It’s clear that if we want to protect our planet, we have no choice but to continue investing in infrastructure to help us reduce packaging pollution.
And that’s exactly the intention behind the Packaging and Packaging Waste Regulations (PPWR): it is a mandate to slow the steady increase in packaging waste before it is too late.
However, the regulation also presents dangerous changes that could undermine shared environmental goals, such as achieving net zero carbon emissions, and thwart progress already made towards innovative long-term solutions.
The PPWR is the most important reform remaining to be implemented before the end of the current EU mandate. This risks impacting almost everything around us, from the items and products we use every day, such as food and digital devices, to the clothes we wear, to the convenience that packaging single-use products add to our busy lives.
I write this to implore policymakers to consider the tradeoffs this policy entails and instead focus on paving the way for long-term innovation and broader collaboration on the packaging problem.
A one-size-fits-all approach could lead to practices with unintended consequences for the environment and consumers:
1. This policy undermines the reduction of carbon emissions. By imposing reuse targets on certain transportation packaging, the bill suggests banning lightweight, recyclable materials such as shrink film used for inter-company transportation of goods, and encourages a transition to cardboard materials. For us at Kraft Heinz, this would result in 47% more carbon emissions – a harmful impact we simply cannot afford to risk.
2. This policy risks impacting the health and safety of diners, while threatening to increase food waste. It suggests banning all single-use food packaging used in the hospitality industry, including packaging that is already recyclable, such as single-layer plastic sachets and mini glass jars. While there is certainly a need to reduce single-use packaging in this area (especially items that are not yet suitable for recycling), this ignores the primary function that such packaging provides to business owners: ensuring quality and the safety of their food.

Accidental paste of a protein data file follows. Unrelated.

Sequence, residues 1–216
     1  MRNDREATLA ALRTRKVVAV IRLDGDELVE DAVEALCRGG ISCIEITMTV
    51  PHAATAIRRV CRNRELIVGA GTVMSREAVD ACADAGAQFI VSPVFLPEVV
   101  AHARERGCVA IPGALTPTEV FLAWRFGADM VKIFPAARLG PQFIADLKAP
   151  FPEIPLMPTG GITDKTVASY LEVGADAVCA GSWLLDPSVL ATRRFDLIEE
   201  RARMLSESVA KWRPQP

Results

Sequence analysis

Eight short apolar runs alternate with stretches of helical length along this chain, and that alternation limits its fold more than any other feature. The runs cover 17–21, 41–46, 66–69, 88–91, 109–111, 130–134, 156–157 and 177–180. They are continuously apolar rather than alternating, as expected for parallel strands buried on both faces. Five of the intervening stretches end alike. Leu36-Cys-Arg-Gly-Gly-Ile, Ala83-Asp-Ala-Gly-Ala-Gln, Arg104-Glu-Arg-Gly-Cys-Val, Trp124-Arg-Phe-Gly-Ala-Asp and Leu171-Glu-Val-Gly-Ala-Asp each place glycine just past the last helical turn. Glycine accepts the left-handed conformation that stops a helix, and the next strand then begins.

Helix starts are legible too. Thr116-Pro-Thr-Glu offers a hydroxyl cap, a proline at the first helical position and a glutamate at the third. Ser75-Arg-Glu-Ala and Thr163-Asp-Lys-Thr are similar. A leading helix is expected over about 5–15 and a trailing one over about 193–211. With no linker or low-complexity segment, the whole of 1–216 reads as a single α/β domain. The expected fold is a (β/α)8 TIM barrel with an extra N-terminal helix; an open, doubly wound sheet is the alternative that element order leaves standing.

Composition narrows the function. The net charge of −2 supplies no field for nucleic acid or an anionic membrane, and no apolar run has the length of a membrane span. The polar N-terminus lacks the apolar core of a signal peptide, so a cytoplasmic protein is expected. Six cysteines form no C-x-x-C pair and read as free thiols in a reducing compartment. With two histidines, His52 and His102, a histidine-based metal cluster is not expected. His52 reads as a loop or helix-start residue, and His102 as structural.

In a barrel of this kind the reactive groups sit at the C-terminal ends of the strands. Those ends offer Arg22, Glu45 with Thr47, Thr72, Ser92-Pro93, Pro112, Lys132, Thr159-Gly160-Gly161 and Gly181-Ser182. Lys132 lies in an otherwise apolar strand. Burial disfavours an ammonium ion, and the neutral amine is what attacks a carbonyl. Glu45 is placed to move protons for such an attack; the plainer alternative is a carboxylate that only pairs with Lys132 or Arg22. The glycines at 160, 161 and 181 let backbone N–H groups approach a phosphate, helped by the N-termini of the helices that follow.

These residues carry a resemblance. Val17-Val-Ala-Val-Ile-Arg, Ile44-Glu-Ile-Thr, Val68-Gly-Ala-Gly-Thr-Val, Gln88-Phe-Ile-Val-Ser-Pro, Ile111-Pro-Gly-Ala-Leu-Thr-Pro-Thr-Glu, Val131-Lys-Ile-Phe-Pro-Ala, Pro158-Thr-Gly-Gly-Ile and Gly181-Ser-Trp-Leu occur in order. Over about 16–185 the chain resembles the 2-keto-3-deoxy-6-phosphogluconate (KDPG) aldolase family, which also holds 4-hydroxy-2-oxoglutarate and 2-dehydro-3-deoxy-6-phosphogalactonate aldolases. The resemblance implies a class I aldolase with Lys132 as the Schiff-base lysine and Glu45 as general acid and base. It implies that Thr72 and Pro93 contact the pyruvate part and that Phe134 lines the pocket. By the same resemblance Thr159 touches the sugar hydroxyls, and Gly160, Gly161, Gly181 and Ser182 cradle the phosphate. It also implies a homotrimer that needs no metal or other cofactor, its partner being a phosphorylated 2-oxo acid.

Instead of blanket bans, we should come together to support innovation with the power to transform current systems into a circular economy.
The industry is already doing this: in fact, the sustainable packaging market is expected to reach nearly $470 billion in 2027 (World Economic Forum). The industry understands the severity of the problem we face and is investing to find solutions.
For example, in recent years, Kraft Heinz has worked diligently to redefine packaging standards by introducing alternative materials with significantly reduced environmental impact. We are redesigning most of our packaging to make it more recyclable, reusable and compostable, with the aim of having 100% of our packaging meet this definition by 2025.
In particular, we have worked on new materials that go beyond classic plastic films for sachets and dip pots. In collaboration with industrial partners, we found a way to create packaging from soluble algae after use in home gardens or in composts. We also worked on transitioning from multi-layer pouches to mono-material pouches made with recyclable materials and recycled plastic instead of virgin plastic.
In 2021, we launched Italy’s first fully recyclable baby food pouch, which can easily be supported by local recycling infrastructure. And, after many hours of testing, research and development, we recently introduced a 100% recyclable plastic squeeze bottle for Heinz Tomato Ketchup.
It is imperative that this legislation wholeheartedly embraces innovation as I have just shared, ensuring a regulatory framework to not only address current challenges, but also pave the way for dynamic advancements in packaging practices.
The reality is that innovation requires time, investment and an environment that encourages experimentation. Instead, let’s invest in this area and in a regulatory environment that provides the flexibility and incentives needed for such innovative thinking.
Let’s lead the way to a future where packaging does what it’s supposed to do – like keeping our food fresh or keeping us safe and healthy – while actively reducing its environmental impact.
As the PPWR is reviewed and refined, let us remember that real progress is finding common ground.
PPWR offers us the opportunity to shape the trajectory of sustainable packaging. Let’s not let this opportunity go to waste.